Skip to content

    How Youth Sports Leagues Reel In Money

    A lot of time and effort is spent on pricing, selling, and executing big-money sports sponsorships. Rightfully so. I mean, perhaps I’m biased … but in my opinion, sports are the best way to reach mass audiences in this time of heavily fragmented and time-shifted TV audiences. Sports broadcasts routinely attract the highest share of audience and are almost always one of the highest-rated programs on TV on any given day or night.


    Sports are fueled by stars that can influence consumers in a big way. The tribal nature of sports also yields great influence. Stadiums are built with scale in mind. Sporting events bring thousands of heavily engaged fans together. These events are a great place for your brand to be represented.


    Structure Matters


    How, then, can you find value in a youth sports league with no famous athletes, no media, and little market affinity beyond the families that support them? Where is the value in sponsoring a bunch of 10-year-olds playing soccer? Better stated, how does a youth sports league structure sponsorship assets to better sell them to potential sponsors?


    Well, it’s all perspective, and candidly, or perhaps more importantly, it’s how you structure said sponsorship that makes it work for even the biggest brands. Let me explain.


    I maintain that you can find tremendous value in any type of sports sponsorship, regardless of size, when you take time to properly assess your deliverables and structure them in a way that is most impactful for a brand.


    Let’s get back to those kids. How can a brand find value in sponsoring a youth sports league? Here are important factors to consider.


    What’s the real value of youth sports?


    Depending on the size of the league, youth sports can be scalable. 15,000 kids and their families gathering for weekly events over multiple months can be worth a brand’s attention. Events like this can afford sponsors a significant amount of access.


    No, I’m not talking about logos on uniforms or signs in the outfield but I am talking about other valuable touchpoints with audiences that must engage messaging from league officials. Things like emails that communicate game or practice schedules. Websites with game location details, player statistics, league standings, and other information that parents of young athletes need or want to receive.


    Both websites and emails can feature branding and deliver important information directly to your specific audience.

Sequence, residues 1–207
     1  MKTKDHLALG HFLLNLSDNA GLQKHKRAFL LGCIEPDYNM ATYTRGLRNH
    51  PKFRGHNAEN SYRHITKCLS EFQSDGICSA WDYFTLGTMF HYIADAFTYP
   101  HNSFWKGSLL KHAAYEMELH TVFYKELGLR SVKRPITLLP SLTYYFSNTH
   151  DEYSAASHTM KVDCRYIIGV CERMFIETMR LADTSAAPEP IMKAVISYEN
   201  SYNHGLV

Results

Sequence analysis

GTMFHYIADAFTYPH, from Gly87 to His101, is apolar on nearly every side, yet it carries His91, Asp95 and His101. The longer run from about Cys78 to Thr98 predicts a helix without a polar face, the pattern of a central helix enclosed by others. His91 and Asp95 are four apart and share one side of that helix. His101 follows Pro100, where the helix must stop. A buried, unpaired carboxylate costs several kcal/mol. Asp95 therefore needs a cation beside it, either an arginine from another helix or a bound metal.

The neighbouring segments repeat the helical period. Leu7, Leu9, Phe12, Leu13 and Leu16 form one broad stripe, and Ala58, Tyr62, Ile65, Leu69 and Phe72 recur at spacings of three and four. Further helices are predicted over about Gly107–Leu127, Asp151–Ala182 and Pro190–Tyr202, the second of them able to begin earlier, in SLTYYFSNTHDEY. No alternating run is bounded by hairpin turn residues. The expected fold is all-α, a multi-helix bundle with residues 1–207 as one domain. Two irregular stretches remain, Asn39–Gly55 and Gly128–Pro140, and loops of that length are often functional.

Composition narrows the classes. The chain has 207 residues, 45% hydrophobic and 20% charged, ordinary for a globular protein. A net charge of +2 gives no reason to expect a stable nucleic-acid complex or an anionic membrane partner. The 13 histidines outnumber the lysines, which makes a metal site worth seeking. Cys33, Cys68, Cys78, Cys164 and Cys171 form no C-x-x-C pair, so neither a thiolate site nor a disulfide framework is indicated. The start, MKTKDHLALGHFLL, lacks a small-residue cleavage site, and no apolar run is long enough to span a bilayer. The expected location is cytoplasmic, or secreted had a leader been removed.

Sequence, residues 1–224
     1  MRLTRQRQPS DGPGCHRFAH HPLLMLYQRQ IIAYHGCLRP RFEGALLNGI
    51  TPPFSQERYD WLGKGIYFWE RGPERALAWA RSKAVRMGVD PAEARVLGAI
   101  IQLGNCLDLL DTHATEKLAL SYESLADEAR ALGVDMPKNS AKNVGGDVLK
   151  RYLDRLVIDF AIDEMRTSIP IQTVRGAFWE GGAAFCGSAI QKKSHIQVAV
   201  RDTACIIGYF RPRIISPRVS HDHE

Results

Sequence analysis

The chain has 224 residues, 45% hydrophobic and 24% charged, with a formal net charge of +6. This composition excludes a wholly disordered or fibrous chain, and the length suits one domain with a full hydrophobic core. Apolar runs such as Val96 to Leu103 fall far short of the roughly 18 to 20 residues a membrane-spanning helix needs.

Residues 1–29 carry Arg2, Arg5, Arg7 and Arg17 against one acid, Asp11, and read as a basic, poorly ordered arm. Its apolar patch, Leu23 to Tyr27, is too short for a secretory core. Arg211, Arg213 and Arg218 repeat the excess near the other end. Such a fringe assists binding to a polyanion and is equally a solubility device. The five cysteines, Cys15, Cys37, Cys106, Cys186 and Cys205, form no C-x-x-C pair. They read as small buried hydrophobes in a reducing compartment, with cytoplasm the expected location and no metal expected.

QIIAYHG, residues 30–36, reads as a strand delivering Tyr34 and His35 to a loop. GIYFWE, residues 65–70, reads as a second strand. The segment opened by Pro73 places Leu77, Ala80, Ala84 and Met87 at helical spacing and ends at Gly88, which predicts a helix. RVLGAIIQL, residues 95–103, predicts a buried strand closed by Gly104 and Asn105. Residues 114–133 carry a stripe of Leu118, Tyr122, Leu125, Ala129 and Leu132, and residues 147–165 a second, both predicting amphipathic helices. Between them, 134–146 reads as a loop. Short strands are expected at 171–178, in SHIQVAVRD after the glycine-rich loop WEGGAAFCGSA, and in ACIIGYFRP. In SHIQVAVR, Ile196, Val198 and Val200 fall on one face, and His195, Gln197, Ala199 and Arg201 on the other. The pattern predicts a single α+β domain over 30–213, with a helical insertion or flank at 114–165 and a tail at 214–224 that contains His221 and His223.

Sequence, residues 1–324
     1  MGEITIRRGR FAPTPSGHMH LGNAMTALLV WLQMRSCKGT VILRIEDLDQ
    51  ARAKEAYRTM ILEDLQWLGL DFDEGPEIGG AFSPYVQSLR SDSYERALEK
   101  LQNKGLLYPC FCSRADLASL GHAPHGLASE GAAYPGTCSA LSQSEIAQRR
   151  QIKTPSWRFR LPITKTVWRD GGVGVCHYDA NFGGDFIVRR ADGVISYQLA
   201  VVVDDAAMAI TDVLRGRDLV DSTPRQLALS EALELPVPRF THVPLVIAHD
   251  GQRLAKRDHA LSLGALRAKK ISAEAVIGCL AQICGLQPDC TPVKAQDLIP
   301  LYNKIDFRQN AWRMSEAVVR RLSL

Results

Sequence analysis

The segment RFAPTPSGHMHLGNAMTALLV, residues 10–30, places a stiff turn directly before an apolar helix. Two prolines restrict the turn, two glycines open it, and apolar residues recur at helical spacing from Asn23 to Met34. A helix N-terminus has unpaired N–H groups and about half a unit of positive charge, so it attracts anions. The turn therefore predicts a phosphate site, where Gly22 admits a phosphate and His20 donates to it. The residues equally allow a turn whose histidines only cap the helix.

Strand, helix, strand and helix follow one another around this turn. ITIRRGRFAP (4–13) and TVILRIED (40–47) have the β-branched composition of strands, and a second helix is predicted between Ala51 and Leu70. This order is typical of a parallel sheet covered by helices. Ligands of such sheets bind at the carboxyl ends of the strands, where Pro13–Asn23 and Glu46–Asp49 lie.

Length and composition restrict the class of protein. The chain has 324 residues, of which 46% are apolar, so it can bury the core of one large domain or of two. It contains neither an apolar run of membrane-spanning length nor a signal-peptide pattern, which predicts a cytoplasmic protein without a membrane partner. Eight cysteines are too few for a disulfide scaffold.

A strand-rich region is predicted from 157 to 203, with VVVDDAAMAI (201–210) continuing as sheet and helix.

I see this as the ‘easy’ component that generates measurable impressions. Additional, and perhaps even more value, can be generated with these targeted touchpoints that a sponsorship can’t offer. With a typical sports sponsorship, these can be activated in several ways.


    1. Kids playing sports need refreshments. Having them drink your product exclusively is a great way to build brand affinity. Want kids to like Powerade over Gatorade? Get them used to drinking it when they are young and impressionable. 
    2. On-site vehicle displays for big tournaments value in sponsoring a youth sports league are one thing, but what about raffling off a lease? You could grow your database and perhaps sell a vehicle or two to a family that needs room for kids, equipment, and perhaps a relative or two.
    3. Let’s not discount (pun intended) the value of a coupon or some other incentive to drive families to your restaurant for a post-game meal. Save printing costs by serving that offer digitally. 


    Most importantly, you cannot miss on the intimacy of this relationship. As a brand, you are literally involved in a key activity that thousands of families engage in (w/great passion) each and every month of the year. You have better gender balance in these activities than you get with professional sports and you can speak to your audience in ways that make you look like a resource, not an advertiser.


    Scholarships & Spending


    Lastly, youth sports has taken what some would deem a challenging course. Participation is not free and depending on the sport, the equipment can be costly. Providing ‘scholarships’ to underserved children who need assistance has a wide array of benefits for our community and for the brand. I’d make that a part of any sponsorship agreement knowing that brands typically have funds specific for community engagement.


    By no means do I think that any of the local professional or collegiate teams have anything to fear by way of revenue loss to sizable youth sports leagues in the valley. But, I do think brands should look hard at where they are spending their money and seek the kind of engagement that a properly structured and well-executed youth sports sponsorship could deliver.


    Want to learn more?


    Feel free to fill out my contact form or reach out to me at

    About the author: Ed Olsen is the CEO of Line Drive Sports Marketing. He is a former adjunct professor at Arizona State University and has lots of opinions on all things sports.

    Back To Top